Pain may originate through an inflammatory process, several mediators such as cytokines, bradykinins and PGs are responsible for pain [20]. Our research group evidenced the anti-inflammatory activity of the ethyl acetate and butanol fractions of the AERM [21]. A scientific basis underpinned by the compounds of R. mangle may be helpful to explain its antinociceptive and anti-inflammatory effects. Pharmacological test of paw edema induced by carrageenan showed an anti-inflammatory potential, since there was the statistical difference (two-way analysis of variance, ANOVA with Bonferroni post test, F = 61.46, p < 0.01, Df = 5) (Fig. 5). Also, paw edema induced by compound 48/80 also demonstrate a large inhibition when AERM was injected (two-way ANOVA with Bonferroni post test, F = 43.00, p < 0.01, Df = 5) (Fig. 6).
Fig. 5

Monitoration of paw edema induced by carrageenan. The analysis showed an inhibition when treatments were injected with AERM. Two-way ANOVA with Bonferroni as a post test (p < 0.01). Statistical differences relative to carrageenan (filled squares) are marked with *

Fig. 6

Monitoration of paw edema induced by 48/80. The analysis showed an inhibition when treatments were injected with AERM. Two-way ANOVA with Bonferroni as a post test (p < 0.001). Statistical differences relative to the compound 48/80 (filled squares) are marked with *

The acute inflammatory response is characterized by an increase in vascular permeability and cellular infiltration leading to edema formation, because of extravasation fluid and proteins and accumulation of leukocytes at the inflammatory site [22]. Carrageenan-induced paw edema is a widely-used test to determine the anti-inflammatory activity and induced cyclo-oxygenase-2 (COX-2) maximal expression 1 h from carrageenan local injection. However, compound 48/80, like other basic secretagogues, causes mast cell degranulation via direct activation of Gi proteins (sensitive to Pertussis toxin), releasing oxygen reactive species (ROS). Degranulation of mast cells results in the release of stored autacoids, such as histamine, as well as the de novo synthesis of arachidonic acid (AA), cytokines and chemokines. Upon mast cell degranulation, AA is released and metabolized through COX or 5-lipoxygenase (5-LO) pathways to yield, respectively, PGs and thromboxane, or leukotrienes [23, 24]. So, phenolic compounds as found in R. mangle could be actin by controlling the mast degranulation as ROS scavenger and might inhibit specifically enzymes from the inflammatory process as COX-2 [25].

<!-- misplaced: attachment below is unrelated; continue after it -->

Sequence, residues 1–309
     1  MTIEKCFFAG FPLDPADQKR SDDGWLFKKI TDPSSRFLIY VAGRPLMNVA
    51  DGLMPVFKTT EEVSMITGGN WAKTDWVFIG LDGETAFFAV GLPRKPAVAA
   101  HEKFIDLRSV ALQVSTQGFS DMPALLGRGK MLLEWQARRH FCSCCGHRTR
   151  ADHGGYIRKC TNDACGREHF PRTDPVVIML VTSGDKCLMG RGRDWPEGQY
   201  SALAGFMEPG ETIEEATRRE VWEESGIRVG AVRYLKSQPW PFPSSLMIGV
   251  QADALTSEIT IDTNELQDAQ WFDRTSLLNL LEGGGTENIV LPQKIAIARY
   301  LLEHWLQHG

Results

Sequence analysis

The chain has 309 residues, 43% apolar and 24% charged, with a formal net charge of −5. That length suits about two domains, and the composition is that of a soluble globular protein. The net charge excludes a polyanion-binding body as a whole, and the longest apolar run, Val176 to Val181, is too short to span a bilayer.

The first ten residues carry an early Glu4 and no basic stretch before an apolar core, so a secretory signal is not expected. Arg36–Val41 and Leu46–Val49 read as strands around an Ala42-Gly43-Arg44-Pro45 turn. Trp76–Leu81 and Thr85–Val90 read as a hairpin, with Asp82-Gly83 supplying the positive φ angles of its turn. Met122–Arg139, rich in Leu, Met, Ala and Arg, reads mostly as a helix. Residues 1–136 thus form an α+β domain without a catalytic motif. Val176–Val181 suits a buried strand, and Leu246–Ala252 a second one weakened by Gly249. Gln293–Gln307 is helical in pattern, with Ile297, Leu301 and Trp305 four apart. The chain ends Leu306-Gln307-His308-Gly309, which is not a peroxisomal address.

Furthermore, Pinus pinaster is also rich in polyphenolic compounds, such as afzelechins and galocatechins, same as found in R. mangle, and has been shown to have similar analgesic and anti-inflammatory effects as R. mangle [26]. Pinus pinaster cause inhibition of cyclo-oxygenase (COX-1 and COX-2) activity in serum samples of human volunteers. COXs enzymes are the major targets for the treatment of inflammation, fever and pain, due to its function, that is synthesis of mediators, such as PGs, prostacyclin, and thromboxane. Which suggests, that the COX blockage may also play a role in the analgesic and anti-inflammatory effect of R. mangle due to polyphenolic compounds activity.

Several anti-inflammatory drugs on market are known, however, they reveal side effects such as liver and kidney commitment [27]. Other species by genus Rhizophora have anti-inflammatory activity [28]. In R. mangle, inhibition of PLA2 and COX-2, enzymes related to inflammation process, demonstrated by in vitro tests [14], which reiterates the results revealed in this study. Kanagaratnam et al. [29] reported that CAs may act as an anti-inflammatory because they reveal antibacterial activity; which probably supports the results found in this work. Another mechanism capable of generating pain can originate in response to tissue damage or physiological stress, including oxidative stress [30]. The condensed tannins present in R. mangle have excellent free radical sequestration [21], thus, the antioxidant capacity of this extract can aid in the maintenance of pain and inflammation.

3 Conclusions